The REAP program offers grants that range from $1,500 to $250,000. If your solar installation exceeds $200,000, you must provide a technical report and submit to an onsite evaluation prior to the start of your solar install. In order to qualify for the grant, applicants must provide 75% of the cost of their solar installation.
Agricultural producers who generate at least half of their annual revenue from farming (regardless of locale) and small businesses of any sector, located in towns of less than 50,000 people qualify for REAP loans. The application must be submitted by the business owner, and the business cannot owe federal taxes or have any outstanding judgement or debarment. The business itself must also be financially solvent. Applicants must apply through the state office and must be enrolled in the System for Award Management, in addition to having a Dun & Bradstreet number. You must provide bank statements, share funding commitments from any other funding sources, provide an interconnection agreement if interconnecting with your utility company, as well as provide documentation of any associations with USDA employees. These items can be time-consuming if you’re not already participating, so advance planning is crucial to successfully applying for a REAP loan.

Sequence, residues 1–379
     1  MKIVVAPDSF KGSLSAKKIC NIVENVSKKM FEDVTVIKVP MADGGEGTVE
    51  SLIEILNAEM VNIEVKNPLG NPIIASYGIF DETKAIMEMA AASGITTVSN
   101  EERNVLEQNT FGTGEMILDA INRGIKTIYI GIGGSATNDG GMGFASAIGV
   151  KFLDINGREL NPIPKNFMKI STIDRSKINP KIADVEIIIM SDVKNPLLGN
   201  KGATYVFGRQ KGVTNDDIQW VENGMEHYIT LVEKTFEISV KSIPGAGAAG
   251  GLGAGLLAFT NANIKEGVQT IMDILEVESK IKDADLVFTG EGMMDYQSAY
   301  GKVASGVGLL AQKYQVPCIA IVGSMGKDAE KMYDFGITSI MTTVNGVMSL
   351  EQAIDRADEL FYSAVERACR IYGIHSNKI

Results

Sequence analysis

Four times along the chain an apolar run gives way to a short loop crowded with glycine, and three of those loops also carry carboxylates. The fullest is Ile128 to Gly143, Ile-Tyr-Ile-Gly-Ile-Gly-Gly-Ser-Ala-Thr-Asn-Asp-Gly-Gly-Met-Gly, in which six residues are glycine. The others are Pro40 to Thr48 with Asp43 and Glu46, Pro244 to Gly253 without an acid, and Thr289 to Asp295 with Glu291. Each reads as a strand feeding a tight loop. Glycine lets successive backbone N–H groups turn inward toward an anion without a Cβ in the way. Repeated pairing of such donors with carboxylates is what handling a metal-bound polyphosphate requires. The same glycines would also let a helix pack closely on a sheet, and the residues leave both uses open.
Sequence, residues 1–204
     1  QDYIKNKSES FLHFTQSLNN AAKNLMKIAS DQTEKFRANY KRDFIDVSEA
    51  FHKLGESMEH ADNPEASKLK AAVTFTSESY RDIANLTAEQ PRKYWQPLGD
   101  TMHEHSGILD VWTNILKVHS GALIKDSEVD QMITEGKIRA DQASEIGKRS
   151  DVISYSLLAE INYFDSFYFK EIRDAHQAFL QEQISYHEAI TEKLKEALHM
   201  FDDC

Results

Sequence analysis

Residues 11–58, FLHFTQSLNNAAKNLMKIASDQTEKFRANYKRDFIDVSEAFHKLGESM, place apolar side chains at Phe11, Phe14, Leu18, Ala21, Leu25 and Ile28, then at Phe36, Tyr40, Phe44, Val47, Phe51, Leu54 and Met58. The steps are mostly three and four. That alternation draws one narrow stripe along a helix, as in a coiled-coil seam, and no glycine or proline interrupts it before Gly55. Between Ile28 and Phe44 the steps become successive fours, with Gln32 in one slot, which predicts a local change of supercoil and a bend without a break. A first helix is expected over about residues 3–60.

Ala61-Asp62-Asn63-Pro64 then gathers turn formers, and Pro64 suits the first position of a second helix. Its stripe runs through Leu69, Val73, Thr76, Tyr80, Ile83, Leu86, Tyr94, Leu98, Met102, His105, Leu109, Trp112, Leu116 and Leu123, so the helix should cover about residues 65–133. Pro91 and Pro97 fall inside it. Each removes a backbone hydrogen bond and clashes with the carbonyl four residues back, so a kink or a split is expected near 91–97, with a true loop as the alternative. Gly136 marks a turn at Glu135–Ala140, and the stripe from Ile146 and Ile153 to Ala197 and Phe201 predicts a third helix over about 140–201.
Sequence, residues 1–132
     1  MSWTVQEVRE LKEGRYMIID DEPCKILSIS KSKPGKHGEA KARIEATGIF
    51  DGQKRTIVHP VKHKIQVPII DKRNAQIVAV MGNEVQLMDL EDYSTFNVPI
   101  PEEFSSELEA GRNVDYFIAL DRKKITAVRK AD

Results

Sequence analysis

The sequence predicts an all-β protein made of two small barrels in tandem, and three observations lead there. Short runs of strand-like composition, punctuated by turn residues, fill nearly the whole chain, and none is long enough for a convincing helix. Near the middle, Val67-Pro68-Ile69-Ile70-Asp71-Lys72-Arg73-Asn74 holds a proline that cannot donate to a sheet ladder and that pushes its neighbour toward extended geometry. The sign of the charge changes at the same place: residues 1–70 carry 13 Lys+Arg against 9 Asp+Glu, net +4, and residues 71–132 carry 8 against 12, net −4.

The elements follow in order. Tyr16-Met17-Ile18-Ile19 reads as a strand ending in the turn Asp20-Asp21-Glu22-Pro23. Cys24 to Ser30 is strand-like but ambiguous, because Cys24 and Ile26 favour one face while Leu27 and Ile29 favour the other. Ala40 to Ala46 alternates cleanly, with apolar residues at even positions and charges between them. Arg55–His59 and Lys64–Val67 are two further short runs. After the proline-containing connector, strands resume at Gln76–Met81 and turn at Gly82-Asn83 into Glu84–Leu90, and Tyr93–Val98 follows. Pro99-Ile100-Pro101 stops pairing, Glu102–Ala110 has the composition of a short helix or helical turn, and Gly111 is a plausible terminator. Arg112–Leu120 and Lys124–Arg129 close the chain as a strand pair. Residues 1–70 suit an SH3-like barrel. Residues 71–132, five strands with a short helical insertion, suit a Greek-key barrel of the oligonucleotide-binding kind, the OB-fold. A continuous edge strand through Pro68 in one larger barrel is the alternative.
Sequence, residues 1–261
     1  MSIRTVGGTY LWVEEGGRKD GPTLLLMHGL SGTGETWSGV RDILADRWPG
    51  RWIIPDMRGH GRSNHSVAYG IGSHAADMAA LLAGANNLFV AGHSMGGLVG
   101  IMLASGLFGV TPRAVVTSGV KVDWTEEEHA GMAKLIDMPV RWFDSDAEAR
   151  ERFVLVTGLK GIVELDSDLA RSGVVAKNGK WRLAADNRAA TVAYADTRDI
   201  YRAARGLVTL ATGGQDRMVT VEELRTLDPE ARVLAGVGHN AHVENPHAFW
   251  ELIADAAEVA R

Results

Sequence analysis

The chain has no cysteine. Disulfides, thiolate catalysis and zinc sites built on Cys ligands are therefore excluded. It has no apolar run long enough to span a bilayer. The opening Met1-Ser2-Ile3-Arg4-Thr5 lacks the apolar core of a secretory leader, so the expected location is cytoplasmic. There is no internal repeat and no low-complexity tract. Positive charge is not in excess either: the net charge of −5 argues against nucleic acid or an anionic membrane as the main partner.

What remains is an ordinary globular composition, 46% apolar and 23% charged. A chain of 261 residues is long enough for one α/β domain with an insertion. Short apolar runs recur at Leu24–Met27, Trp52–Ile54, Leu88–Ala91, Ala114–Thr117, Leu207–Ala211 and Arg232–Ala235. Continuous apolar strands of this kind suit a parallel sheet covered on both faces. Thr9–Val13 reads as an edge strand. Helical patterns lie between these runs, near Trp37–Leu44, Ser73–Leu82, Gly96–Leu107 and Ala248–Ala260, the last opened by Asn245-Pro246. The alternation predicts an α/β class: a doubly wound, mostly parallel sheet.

Buying vs. Leasing Solar Energy in Washington
All of the above incentives are only accessible to those who buy their solar systems, which is why buying solar is such a great investment. When you combine the outright cost reductions of the Washington state tax exemption and the federal ITC with the long-term cost savings of net energy metering, the costs of purchasing solar are drastically reduced.
Additionally, if you opt to purchase your system with financing, you’ll pay nothing up front, and when you receive your cash rebate and tax credit, you can put those dollars directly toward your monthly financing payments – meaning you might not have to come out of your own pocket for quite some time (potentially, for a few years). Additionally, as the price of power continues to increase by 2-3% per year (as it has done historically), you lock in your monthly payments and insulate yourself from those never-ending incremental increases the moment you go solar. After your financing period is over, you’ll pay nothing but the power costs that your net energy metering doesn’t cover. Additionally, if you sell your home, your solar panels will increase your home’s value by an average of 3%.